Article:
DENVER (CBS4) – CBSDenver.com visitor Kathy Plummer posed the following question:
I was wondering if you knew how the 1965 flood compared to the 2013 flood?
So CBS4 posed the question to the state climatologist’s office at Colorado State University. Chris Spears responded with the following:
The 1965 and 2013 floods really cannot be compared – they were both catastrophic and both extreme, but for different reasons. In some cases, it can be argued that the 1965 was still bigger than this event, especially in terms of flood coverage. Two of the major differences follow.
RAIN/STORMS: The 1965 flood had widespread rain, but the event was composed of a lot of isolated and intense thunderstorms that dropped pockets of very heavy rain whereas the 2013 flood was a more widespread heavy rain with little in the way of embedded thunderstorms. The rains were more tropical in nature, meaning the process that created them. We are used to storms caused by daytime heating and after the sun sets, they go away. These storms developed and really got going during the overnight, they created their own energy, much like what happens in the tropics.
LOCATION: The 1965 flood was caused by heavy rain mainly to the south of Denver and all that water flowed North, making it’s way to the South Platte, flowing through Denver, and causing catastrophic flooding along the Cherry Creek, South Platte and other streams. The 2013 flood, as we know, most of the rain fell north and west of Denver, with the exception of a heavy pocket along 225 in Aurora. The 2013 event began as a FLASH FLOOD, with extreme amounts of water flowing off the foothills and on the plains in a very short period of time. (literally walls of water) It then turned into a FLOOD as the heavy runoff caused the South Platte River to swell above flood stage. The 1965 flood also had a huge impact on the Arkansas River basin in SE Colorado which this event did not.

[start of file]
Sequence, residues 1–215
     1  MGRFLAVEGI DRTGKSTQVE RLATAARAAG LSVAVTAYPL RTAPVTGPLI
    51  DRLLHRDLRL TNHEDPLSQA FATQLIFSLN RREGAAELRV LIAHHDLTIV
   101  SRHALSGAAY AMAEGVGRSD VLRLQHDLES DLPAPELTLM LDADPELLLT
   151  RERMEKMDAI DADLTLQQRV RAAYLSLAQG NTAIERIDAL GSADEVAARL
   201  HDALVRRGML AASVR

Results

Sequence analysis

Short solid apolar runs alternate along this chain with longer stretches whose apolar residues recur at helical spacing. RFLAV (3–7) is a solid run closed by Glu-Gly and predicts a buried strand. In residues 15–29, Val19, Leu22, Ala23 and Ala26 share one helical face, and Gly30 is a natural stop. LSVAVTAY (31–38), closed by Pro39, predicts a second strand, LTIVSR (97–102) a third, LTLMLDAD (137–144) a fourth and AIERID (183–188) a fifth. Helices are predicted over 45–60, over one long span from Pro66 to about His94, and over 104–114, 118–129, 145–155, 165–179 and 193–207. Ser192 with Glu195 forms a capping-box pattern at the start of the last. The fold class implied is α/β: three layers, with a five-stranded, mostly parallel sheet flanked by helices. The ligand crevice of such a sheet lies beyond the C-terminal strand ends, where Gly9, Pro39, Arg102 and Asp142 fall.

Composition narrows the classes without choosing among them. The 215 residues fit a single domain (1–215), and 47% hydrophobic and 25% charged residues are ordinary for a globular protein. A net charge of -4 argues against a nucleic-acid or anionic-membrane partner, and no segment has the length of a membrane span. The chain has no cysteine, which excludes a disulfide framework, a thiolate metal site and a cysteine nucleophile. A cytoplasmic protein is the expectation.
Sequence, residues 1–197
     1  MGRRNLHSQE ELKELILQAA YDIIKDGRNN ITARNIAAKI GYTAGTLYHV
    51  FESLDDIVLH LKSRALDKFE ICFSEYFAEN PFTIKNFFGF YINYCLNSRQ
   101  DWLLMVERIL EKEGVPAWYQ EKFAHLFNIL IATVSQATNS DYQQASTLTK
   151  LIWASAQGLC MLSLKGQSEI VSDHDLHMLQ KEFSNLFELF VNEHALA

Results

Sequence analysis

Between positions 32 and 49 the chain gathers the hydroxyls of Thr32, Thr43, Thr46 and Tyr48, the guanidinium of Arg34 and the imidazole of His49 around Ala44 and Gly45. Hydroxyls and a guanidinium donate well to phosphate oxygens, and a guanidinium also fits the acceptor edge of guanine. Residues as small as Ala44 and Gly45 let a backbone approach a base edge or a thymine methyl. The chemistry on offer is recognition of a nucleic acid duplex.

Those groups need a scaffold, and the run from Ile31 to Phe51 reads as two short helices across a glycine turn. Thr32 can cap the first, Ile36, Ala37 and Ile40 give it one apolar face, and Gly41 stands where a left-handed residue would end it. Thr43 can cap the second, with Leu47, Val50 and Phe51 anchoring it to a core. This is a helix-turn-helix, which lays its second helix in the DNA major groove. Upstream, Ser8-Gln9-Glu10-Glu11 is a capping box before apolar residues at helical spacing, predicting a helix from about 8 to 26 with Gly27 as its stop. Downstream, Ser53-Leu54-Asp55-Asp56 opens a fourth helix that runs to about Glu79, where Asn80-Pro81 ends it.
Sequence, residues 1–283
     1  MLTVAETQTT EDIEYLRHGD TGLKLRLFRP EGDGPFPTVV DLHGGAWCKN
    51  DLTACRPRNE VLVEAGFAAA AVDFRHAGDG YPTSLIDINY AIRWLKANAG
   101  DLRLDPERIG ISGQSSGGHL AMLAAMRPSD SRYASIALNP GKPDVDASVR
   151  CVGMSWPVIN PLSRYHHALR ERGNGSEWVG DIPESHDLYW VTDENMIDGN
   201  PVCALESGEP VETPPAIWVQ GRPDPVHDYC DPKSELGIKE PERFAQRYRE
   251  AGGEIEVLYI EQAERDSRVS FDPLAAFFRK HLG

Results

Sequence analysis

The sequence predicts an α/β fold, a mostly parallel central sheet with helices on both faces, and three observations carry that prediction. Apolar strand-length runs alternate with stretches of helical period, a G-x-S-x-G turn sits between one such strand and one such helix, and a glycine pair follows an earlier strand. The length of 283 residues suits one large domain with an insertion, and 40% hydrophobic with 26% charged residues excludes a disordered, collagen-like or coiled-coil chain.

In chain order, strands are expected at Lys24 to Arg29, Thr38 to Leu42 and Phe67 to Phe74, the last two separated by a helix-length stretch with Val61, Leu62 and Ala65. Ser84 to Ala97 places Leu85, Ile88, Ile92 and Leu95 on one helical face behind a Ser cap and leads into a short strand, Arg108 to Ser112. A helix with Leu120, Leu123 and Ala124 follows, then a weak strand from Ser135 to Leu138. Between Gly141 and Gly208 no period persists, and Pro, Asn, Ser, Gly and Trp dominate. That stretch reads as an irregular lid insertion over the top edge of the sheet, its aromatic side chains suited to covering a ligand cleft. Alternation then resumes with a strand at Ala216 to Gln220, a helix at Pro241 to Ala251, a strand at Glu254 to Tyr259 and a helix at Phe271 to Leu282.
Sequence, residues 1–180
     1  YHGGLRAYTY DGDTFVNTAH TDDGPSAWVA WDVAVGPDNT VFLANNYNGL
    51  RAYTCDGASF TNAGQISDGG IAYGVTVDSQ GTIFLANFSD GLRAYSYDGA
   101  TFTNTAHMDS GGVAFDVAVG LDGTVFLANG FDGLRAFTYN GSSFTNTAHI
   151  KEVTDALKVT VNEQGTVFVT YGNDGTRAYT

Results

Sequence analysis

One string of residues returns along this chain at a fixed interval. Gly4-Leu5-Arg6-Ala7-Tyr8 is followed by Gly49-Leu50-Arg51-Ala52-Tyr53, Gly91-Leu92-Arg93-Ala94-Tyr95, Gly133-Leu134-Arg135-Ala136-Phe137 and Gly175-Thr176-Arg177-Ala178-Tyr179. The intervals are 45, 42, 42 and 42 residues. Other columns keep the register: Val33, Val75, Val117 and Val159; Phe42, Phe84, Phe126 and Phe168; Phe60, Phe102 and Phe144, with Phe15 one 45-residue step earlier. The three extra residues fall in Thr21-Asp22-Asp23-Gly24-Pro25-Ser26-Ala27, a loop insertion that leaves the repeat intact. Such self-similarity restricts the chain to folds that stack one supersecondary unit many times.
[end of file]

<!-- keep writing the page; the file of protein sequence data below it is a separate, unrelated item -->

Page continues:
Here is a nice link to the 1965 flood.
I know it is natural to compare current events to past events to gain a perspective, but the reality is, both were historical and extreme but yet very different.
Colorado Floods: How To Help
The recent floods are impacting families and communities throughout Colorado, so CBS4 has compiled a list of ways you can support the local communities impacted by the floods.